). As demonstrated in , accumulation was enhanced in epithelial tumors at a PNP of 1.1 and 2.4 MPa; however, accumulation was not maximized in EMT tumors until a PNP of 2.4 MPa was applied. Following the transformation of Met-1 cells from an epithelial to an EMT phenotype, we observed downregulation of E-cadherin, cytokeratin 8/18 (CK8/18), and CK19 expression, but upregulation of vimentin. E-cadherin expression is important for maintaining cell-cell contacts and tissue organization (43
). Vimentin has a number of critical functions within the cell that involve attachment, migration, and cell signaling (45
). In addition, vimentin modulates the negative effects of mechanical and thermal stresses (46
). Our results suggest that imposing a mechanical stress by ultrasound (in addition to heat) enhances accumulation in the EMT phenotype, presumably due to weakened cell-cell adhesion and increased vimentin expression.
The mechanisms for the effect of ultrasound on apparent permeability and particle accumulation were also investigated. First, techniques for the estimation of vascular volume, clearance rate and water content were validated by measurements for the quadriceps muscle (internal control), where values were similar to those previously reported for C57BL/6 mice (5
). Ultrasound reduced the intratumoral pressure and increased Pap
in our tumor model without significant alterations to vascular volume and tissue water content. The measured changes in these two parameters likely contributed to the enhanced accumulation of particles within the tumor. Interestingly, ultrasound reduced intratumoral pressure even after euthanasia; therefore, the effect cannot be solely attributed to changes in blood flow, protein expression or macrophage recruitment. We hypothesize that this reduction is likely due to the effect of insonation and hyperthermia on the extracellular matrix and will evaluate this effect further in future studies. Thermal absorption and mechanical agitation can influence the extracellular matrix, particularly collagen integrity (48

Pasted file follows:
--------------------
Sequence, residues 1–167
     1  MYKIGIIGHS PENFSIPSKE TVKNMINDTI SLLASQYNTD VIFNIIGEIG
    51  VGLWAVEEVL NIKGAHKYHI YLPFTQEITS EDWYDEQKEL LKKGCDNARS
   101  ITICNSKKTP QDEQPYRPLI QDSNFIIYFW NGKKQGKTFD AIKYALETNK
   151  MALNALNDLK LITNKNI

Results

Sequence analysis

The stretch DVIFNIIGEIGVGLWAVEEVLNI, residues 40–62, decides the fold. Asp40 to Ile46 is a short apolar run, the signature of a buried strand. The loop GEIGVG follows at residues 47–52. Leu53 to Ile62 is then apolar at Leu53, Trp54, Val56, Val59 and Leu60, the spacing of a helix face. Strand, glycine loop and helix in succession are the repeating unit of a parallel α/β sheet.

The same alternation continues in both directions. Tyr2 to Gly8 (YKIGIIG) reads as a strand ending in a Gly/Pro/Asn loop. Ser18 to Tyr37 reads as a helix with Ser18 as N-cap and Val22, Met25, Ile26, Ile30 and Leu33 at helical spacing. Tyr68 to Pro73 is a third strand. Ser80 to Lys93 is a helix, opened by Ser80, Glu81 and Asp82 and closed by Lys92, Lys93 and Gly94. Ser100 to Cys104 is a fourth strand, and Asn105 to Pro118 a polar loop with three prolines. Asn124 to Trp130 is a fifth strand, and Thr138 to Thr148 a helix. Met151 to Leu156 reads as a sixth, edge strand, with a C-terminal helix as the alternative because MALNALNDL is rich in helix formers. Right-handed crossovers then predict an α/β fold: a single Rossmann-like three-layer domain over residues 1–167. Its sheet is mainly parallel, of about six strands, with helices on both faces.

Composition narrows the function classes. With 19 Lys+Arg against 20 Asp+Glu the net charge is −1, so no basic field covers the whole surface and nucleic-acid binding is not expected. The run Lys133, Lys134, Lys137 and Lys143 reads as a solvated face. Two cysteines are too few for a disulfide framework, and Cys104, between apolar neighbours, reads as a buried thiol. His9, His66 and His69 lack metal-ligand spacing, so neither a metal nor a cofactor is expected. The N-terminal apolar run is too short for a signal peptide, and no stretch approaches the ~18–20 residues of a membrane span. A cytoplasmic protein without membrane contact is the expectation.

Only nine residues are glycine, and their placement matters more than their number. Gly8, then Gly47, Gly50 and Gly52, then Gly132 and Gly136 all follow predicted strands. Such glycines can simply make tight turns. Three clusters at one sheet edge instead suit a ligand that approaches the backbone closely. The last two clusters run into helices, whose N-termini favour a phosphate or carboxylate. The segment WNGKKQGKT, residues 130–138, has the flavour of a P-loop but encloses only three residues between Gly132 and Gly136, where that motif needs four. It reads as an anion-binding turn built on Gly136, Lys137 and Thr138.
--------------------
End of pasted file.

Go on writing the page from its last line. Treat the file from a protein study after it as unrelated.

). Also, collagen content is known to influence extracellular matrix hydraulic conductivity (49
PET provided a convenient method to assess the accumulation and apparent vascular permeability over time and across the tumor volume; such measurements can be directly compared with classical estimates of vascular clearance. PET-based pharmacokinetic modeling has previously been developed for small molecule therapeutics, but nuclear medicine-driven techniques to evaluate the pharmacokinetics of nanoparticles are currently unavailable. While small molecules distribute in seconds to minutes, nanoparticles extravasate from the blood pool in hours to tens of hours, and therefore nanoparticle distribution at the time of injection provides a direct measurement of organ and tumor vascular volume. With PET, the circulating radioactivity can be measured based on cardiac chamber activity. With estimates of circulating particle concentration and tumor vascular volume, PET can be applied to estimate the rate of nanoparticle extravasation for each acquisition.